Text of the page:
However, the wild wind whistled through our fences and gave the freestanding trees a hard time, so we ended up using stacks of three spoilt-straw bales as windbreaks in front of each tree and then mulched the trees with the straw as the bales decomposed during the next growing season. We also started underplanting the trees with comfrey (Bocking 14), a useful dynamic accumulator. This we cut in summer and added it to the mulch to create more fertility.
The ecosystem was so damaged that slugs were a plague and would even crawl up the fruit trees to munch the leaves. Two strategies were implemented: we dug as many ponds as possible
Above: Brownies doing their Nature Badge in the garden.
Below: Rear view, showing passive solar extension, solar tubes and raised beds.
and got ducks. These lived in a pen by the veggie patch which by then was a mulched system. Next came chickens. We reared many ourselves. The runs were placed along the hedgerows and we grew edible berries up the wire fencing. One baby became a toddler and a new daughter arrived during this fruitful time.
Our children grew up foraging for wild strawberries, raw veg and top fruit and collecting fresh eggs with us. We started publishing Permaculture Magazine (1992) and the first temperate permaculture books in the world (1993) all from a back bedroom. It was a happy time, a time when we’d nip out to the garden to pick a salad for lunch and have meetings on the patio.
Right: Kentish cob nut, the largest of cobs.Moving OnBy 1998 we had eco-renovated the house and grown out of the bedroom office. Relocating work and being absent from home was an invitation to Mr Fox to eat all the poultry and we didn’t replace them. Publishing had become a demanding master which needed most of our attention. The remaining time was the children’s. We still went on slowly evolving the garden though. Over the years we built raised beds for the veg garden, renovated the greenhouse, added rainwater harvesting systems and planted more berries in the increasingly abundant fedgerow. We also added to the tree collection: Siberian pea tree, a truffle inoculated hazel, an own root stock peach grown from a pip obtained from ZEGG ecovillage in Germany, our lovely Bardsey Island apple, a Desert King fig, more Brown Turkey figs too in the fedgerow… The veg patch has gone from strength to strength and besides growing a lot of cut and come again salads, we grow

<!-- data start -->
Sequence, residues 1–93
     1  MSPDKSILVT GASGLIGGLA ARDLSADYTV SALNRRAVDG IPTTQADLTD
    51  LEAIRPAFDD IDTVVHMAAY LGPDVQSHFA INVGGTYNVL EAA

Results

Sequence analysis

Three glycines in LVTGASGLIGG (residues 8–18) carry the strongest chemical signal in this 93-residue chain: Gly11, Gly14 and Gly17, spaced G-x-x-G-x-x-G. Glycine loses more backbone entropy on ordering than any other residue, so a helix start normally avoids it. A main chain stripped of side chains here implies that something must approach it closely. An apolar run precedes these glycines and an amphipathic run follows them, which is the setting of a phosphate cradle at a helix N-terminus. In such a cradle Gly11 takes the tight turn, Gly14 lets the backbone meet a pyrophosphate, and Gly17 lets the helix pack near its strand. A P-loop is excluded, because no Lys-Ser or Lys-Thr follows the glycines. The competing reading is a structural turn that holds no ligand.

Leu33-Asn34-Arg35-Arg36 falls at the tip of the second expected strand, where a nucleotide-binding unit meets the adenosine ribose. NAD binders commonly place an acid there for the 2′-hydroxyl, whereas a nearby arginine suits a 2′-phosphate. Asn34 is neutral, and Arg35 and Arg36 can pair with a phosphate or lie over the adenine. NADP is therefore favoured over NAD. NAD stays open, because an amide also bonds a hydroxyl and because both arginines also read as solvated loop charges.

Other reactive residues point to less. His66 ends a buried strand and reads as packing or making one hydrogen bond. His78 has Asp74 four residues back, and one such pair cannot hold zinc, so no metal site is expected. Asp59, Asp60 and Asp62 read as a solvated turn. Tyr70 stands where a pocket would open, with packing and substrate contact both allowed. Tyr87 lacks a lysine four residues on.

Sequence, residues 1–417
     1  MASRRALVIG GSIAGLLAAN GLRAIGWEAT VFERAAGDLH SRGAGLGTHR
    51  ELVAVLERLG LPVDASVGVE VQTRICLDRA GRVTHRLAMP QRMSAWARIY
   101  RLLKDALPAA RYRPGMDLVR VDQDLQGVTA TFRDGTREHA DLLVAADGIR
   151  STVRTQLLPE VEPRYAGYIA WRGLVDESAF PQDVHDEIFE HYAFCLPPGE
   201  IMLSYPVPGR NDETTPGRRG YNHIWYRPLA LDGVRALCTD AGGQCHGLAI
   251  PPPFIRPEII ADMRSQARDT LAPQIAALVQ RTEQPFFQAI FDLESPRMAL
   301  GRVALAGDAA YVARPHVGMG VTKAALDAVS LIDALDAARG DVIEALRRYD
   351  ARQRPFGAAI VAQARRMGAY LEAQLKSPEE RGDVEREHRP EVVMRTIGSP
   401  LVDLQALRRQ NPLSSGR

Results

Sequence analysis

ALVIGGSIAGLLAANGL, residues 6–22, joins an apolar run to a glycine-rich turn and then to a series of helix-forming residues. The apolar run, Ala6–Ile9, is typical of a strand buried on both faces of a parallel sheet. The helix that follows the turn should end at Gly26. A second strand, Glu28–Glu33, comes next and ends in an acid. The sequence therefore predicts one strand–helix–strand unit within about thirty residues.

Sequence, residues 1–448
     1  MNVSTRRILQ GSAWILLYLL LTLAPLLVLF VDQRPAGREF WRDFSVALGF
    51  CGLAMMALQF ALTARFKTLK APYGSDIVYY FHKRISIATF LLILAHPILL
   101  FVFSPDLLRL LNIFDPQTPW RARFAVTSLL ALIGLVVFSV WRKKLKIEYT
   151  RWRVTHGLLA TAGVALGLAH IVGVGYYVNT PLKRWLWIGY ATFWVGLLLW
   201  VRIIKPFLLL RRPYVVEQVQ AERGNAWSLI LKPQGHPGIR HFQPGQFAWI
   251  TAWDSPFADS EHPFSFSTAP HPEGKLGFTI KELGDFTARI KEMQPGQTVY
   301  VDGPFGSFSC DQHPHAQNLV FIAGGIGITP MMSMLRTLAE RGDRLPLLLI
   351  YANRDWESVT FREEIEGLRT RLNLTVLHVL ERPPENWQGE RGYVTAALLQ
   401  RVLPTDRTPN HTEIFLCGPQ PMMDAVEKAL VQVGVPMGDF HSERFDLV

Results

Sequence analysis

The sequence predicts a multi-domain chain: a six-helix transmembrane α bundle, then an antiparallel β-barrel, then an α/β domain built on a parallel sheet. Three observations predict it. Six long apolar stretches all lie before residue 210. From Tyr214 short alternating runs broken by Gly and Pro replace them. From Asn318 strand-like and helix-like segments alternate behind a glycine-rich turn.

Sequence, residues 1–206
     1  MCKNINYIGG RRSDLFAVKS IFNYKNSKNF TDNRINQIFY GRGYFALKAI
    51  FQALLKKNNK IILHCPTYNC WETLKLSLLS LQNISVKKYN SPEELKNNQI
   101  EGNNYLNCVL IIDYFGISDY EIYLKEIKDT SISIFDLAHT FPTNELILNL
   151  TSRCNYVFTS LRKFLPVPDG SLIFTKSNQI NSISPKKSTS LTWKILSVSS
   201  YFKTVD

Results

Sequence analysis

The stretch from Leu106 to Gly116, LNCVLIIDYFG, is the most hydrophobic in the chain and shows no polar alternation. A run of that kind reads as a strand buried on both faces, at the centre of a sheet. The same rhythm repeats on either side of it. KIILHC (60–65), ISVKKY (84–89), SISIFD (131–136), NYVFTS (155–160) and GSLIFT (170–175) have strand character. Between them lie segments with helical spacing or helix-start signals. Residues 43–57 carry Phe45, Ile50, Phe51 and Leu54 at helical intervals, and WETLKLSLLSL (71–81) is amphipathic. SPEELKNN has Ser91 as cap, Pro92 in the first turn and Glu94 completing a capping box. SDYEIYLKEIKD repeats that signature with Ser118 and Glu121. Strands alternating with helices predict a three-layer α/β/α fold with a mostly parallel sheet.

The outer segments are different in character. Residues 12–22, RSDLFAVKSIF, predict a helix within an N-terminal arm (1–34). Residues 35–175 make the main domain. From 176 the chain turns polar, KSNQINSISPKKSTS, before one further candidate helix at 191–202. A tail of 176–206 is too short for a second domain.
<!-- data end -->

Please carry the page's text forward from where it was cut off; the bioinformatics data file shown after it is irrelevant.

Top: Raised beds and greenhouse in late spring.
Above right: Plums and gages are particularly liked by the family, this is one of seven varieties.
Permaculture Magazine No. 63
www.permaculture.co.uk squashes, pumpkins, garlic, beans, peas, asparagus, spring onions, spinach, beets, lettuce, a variety of spuds and we’ve even had modest success with sweet potatoes and oca. The basic rule is that whatever we like, especially the kids, we grow. The greenhouse is put entirely to borders with a small path in the middle and we fill it with tomatoes, chillies, sweet peppers and aubergines in summer and carrots, mizuna, spinach and overwintering plants in winter.This YearA visit to Martin Crawford’s forest garden last year sent us home inspired to make the ground cover layer of our forest garden more productive. So we’ve started by adding groundcover raspberries
(Rubus nepalensis and Rubus tricolor), choke weed, more gooseberries, perennial kale and various mints. We decided to follow Martin’s strategy of ground cover establishment and mulch and plant up one small area at a time rather than trying to get a large area covered in one go. We reckon that concentrating on establishing plants with this ‘slowly, slowly’ small area approach is more likely to succeed.
We were going to remove the redundant kids’ swing, but following their protest we reached a compromise and it is now a support for self-fertile kiwi. We’ll weave a kiwi sanctuary around the old frame and heighten it with coppiced hazel. And Next...This winter we are planting a late fruiting plum, persimmon, Chinese quince, Yellowhorn, more groundcover raspberry, Nepalese pepper, Chinese dogwood, goji and honey berries, and lots of globe archichokes. All of these additions will enhance the forest garden and should hopefully be hardy enough to fruit in our climate.
Above: Planters inside the kitchen enable versatility. In the spring they are used as a seed nursery.
The garden makes us deeply happy. We love everything about it: the insects, birds, blossom and fruit, the burgeoning veg, the sanctuary of the greenhouse and shed on rainy days, the glory of a semi-wild natural system. There are many things we would like still like to do – and these will come in time – but what we have already is a testament to permaculture design and the healthy resilience of nature’s biodiversity
Maddy and Tim and their garden will be featured in a new six part BBC2 Gardeners’ World spin-off series, The Edible Garden, presented by Alys Fowler starting in March 2010.
From time to time Maddy and Tim hold garden tours / permaculture gardening classes for small groups. If you are interested, please contact Maddy at PM.
Above: Raised beds showing courgette and tomatoes using the heat stored by the dense, black tractor tyre composter. Right: Runner beans grown immediately outside the glazed kitchen provide welcome shade in summer.
No. 63 Permaculture Magazine